There were also some very tense moments. I found myself holding my breath until the end because I didn’t know what would happen. There were some dramatic twists that I didn’t expect.

This was a great novel!

Thank you Penguin Random House Canada for providing a copy of this book in exchange for an honest review.

What to read next:

Julie and Julia: 365 Days, 524 Recipes, 1 Tiny Apartment Kitchen by Julie Powell

In This Moment by Karma Brown

Have you read Recipe for a Perfect Wife? What did you think of it?

Review: As Chimney Sweepers Come to Dust (Flavia de Luce #7)

Title: As Chimney Sweepers Come to Dust (Flavia de Luce #7)
Author: Alan Bradley
Genre: Historical Fiction, Mystery
Publisher: Delacorte Press
Source: Library
Format: Audiobook
Release Date: January 6, 2015
Rating: ★★★★

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Goodreads Synopsis:

NEW YORK TIMES BESTSELLER

Flavia de Luce—“part Harriet the Spy, part Violet Baudelaire from Lemony Snicket’s A Series of Unfortunate Events” (The New York Times Book Review)—takes her remarkable sleuthing prowess to the unexpectedly unsavory world of Canadian boarding schools in the captivating new mystery from New York Times bestselling author Alan Bradley.

Banished! is how twelve-year-old Flavia de Luce laments her predicament, when her father and Aunt Felicity ship her off to Miss Bodycote’s Female Academy, the boarding school that her mother, Harriet, once attended across the sea in Canada. The sun has not yet risen on Flavia’s first day in captivity when a gift lands at her feet. Flavia being Flavia, a budding chemist and sleuth, that gift is a charred and mummified body, which tumbles out of a bedroom chimney. Now, while attending classes, making friends (and enemies), and assessing the school’s stern headmistress and faculty (one of whom is an acquitted murderess), Flavia is on the hunt for the victim’s identity and time of death, as well as suspects, motives, and means. Rumors swirl that Miss Bodycote’s is haunted, and that several girls have disappeared without a trace. When it comes to solving multiple mysteries, Flavia is up to the task—but her true destiny has yet to be revealed.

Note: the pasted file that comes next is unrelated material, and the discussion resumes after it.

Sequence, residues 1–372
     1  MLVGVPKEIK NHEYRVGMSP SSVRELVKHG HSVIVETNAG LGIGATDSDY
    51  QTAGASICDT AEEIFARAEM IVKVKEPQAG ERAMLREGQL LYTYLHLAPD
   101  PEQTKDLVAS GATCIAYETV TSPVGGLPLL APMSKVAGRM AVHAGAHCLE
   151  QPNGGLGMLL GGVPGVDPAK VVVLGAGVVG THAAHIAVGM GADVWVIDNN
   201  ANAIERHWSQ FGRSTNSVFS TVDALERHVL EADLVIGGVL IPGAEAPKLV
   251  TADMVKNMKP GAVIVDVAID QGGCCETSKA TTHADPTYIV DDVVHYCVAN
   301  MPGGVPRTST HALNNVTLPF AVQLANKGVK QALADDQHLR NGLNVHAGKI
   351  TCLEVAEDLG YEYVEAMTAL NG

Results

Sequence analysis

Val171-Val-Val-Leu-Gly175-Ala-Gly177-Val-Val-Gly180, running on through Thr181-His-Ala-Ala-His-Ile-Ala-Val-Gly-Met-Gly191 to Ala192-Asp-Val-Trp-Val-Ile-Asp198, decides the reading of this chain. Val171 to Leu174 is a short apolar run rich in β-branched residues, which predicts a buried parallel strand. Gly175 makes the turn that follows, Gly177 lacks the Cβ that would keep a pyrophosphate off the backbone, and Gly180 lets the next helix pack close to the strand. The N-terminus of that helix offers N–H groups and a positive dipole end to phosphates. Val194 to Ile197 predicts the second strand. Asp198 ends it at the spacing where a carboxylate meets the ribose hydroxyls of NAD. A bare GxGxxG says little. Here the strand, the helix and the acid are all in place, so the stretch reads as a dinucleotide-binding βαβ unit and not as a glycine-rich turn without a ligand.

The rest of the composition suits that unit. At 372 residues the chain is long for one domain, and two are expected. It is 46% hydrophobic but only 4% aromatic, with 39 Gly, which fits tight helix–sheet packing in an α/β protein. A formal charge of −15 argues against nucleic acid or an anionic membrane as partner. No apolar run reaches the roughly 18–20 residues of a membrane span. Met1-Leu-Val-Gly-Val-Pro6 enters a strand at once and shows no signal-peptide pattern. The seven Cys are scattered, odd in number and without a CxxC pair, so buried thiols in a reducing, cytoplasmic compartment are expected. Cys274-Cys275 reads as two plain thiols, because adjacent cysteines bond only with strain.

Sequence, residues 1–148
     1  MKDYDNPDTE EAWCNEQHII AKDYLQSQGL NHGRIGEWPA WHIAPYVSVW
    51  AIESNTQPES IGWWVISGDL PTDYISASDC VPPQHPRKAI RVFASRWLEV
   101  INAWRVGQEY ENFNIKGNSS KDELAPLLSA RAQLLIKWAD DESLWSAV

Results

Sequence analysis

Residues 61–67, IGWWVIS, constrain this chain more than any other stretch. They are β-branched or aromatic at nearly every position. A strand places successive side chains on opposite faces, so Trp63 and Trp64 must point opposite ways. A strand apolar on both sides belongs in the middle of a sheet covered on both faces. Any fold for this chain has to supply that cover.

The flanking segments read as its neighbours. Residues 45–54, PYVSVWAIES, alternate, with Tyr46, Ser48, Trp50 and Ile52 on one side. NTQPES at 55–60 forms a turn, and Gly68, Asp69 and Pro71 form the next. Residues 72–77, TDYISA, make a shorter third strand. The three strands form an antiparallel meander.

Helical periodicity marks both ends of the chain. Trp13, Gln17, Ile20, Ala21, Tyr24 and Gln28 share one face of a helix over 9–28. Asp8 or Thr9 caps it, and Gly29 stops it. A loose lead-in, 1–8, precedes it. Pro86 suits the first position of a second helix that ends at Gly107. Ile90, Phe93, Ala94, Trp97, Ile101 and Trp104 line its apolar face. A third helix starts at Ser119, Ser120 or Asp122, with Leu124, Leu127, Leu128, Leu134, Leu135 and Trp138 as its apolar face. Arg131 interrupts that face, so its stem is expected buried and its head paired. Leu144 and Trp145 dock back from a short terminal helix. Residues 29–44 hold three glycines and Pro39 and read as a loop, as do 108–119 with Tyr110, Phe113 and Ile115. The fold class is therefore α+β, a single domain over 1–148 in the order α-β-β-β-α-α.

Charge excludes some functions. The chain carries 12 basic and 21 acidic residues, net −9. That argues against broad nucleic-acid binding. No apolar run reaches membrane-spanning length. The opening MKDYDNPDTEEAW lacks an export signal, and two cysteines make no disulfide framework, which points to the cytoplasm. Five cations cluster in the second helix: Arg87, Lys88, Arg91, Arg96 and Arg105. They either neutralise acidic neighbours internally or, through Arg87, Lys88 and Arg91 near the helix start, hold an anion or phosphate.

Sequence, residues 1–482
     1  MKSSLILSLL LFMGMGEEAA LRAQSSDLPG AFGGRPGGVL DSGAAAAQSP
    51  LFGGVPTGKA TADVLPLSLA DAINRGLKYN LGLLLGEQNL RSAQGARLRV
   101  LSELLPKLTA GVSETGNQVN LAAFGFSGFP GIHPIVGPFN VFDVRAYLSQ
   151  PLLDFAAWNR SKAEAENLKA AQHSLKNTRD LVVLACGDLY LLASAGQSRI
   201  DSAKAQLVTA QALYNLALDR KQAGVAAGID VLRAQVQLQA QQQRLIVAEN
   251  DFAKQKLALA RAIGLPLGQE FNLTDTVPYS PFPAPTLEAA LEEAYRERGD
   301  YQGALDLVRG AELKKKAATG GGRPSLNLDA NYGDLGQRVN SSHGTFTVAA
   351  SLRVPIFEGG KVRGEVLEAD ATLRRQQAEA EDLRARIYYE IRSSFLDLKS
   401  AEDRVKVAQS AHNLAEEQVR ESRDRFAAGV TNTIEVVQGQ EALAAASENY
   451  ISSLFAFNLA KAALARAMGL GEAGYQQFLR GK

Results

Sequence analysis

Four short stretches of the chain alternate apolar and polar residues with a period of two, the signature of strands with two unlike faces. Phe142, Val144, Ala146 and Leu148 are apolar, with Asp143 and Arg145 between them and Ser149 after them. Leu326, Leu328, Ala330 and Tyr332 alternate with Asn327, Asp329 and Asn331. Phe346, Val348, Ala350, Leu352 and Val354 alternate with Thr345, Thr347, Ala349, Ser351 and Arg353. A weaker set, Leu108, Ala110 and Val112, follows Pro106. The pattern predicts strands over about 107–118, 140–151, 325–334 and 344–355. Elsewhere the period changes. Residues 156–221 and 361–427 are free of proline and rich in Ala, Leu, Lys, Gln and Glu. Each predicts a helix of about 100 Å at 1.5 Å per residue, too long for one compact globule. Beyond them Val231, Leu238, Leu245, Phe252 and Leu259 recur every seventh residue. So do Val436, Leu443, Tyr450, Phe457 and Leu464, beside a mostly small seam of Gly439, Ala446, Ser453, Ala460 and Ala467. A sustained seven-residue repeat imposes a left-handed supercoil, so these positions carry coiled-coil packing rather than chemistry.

Review:

I love the Flavia de Luce mysteries. She is a hilarious twelve year old girl in the 1950s, who loves chemistry. She stumbles upon mysteries wherever she goes. In this story, she travels to Toronto to attend her mother’s former school. She discovers a body stuffed in the fireplace of her room the first night she is there. She spends the rest of the book snooping to figure out what happened.